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Pakistan: US military equipment left behind in Afghanistan falls into militant hands

Pakistan’s caretaker prime minister says the US military equipment left behind during the withdrawal from Afghanistan has fallen into militant hands and ultimately made its way to the militant Tehrik-e-Taliban Pakistan (TTP) group. 

Speaking to a select group of journalists at his office Monday in the Pakistani capital of Islamabad, Prime Minister Anwaar-ul-Haq Kakar said there was a need to adopt a “coordinated approach” to tackling the challenge of the leftover equipment.

The equipment — which includes a wide variety of items, from night vision goggles to firearms — is now “emerging as a new challenge” for Islamabad as it has enhanced the fighting capabilities of the Pakistani Taliban, the premier added.

The remarks come as TTP have over the past months intensified attacks on Pakistan’s security forces. They are a separate militant group but an ally of the Afghan Taliban.

Some security sources in Islamabad say the TTP either bought the equipment from the Afghan Taliban or was given it as an ally. They say TTP fighters now target Pakistani troops from a distance, while before their only weapons were AK-47 assault rifles.

The Pakistani Taliban have also released statements and video clips in recent months, claiming they possess, for example, guns with laser and thermal sighting systems.

Still, Pakistani security forces will continue to fight militants “to defend our home, children, mosques and places of worship,” Kakar said.

Kakar, 52, was sworn in last month as Pakistan’s youngest prime minister to head a caretaker government. His Cabinet will run day-to-day affairs until the next parliamentary elections.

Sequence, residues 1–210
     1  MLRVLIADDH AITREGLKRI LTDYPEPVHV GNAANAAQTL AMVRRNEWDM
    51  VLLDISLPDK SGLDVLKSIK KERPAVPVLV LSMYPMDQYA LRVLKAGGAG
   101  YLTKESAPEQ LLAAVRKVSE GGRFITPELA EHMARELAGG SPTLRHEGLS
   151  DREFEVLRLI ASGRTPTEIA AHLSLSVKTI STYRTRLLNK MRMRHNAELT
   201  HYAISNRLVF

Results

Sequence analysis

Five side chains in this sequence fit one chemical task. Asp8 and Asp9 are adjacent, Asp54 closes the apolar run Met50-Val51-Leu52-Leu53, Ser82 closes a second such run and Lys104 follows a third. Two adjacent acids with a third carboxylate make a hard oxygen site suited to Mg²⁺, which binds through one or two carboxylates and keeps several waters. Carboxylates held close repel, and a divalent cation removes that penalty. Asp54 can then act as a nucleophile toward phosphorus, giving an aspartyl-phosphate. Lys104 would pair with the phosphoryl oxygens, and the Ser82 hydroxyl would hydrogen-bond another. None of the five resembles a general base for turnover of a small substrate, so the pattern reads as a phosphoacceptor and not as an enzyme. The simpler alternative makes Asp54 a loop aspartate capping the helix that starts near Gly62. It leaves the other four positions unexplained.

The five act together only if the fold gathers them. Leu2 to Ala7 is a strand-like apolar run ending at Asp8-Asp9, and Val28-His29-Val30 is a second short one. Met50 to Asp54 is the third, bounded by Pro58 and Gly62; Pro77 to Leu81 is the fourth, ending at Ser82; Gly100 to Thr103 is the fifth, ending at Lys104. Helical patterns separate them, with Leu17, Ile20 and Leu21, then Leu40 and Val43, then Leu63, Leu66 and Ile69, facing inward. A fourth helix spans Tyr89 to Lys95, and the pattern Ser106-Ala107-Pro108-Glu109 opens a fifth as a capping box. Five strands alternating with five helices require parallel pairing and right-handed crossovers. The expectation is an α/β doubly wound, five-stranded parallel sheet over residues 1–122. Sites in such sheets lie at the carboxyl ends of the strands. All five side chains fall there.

Elsewhere in his remarks, Kakar ruled out any talks between the government and the TTP since the militants unilaterally broke off a cease-fire last November.

The outlawed TTP has a strong presence in North Waziristan and elsewhere in the region close to the Afghan border.  It is allied with the Afghan Taliban. The 2021 Afghan Taliban takeover has emboldened the Pakistani Taliban, who have stepped up attacks since then. The military in recent weeks has also carried out multiple raids on militant hideouts in the northwest.

Over the past years, the TTP militants have been involved in multiple terrorist attacks, including targeted bombings and killings of members of religious communities and security officials across the country.

On December 16, 2014, the group attacked Peshawar’s Army School, where more than 150 people, mostly children, were killed, one of the deadliest massacres in Pakistan’s history.

In the face of the Taliban sweep, the US-backed and trained Afghan military crumbled in mid-August 2021.

The Taliban seized US-supplied firepower, recovering guns, ammunition, helicopters and other modern military equipment from Afghan forces who surrendered it.

Though no one knows the exact value, US defense officials have confirmed it is significant.

Since the Taliban takeover next door, Islamabad says TTP fighters have increasingly been given shelter by the Afghan Taliban, straining ties between Islamabad and Kabul.

Pakistan became a key ally of Washington in its war against terror after the 9/11 attacks in the United States. Some figures and studies suggest at least 80,000 Pakistanis have been killed in the so-called US-led War on Terror over the past years.

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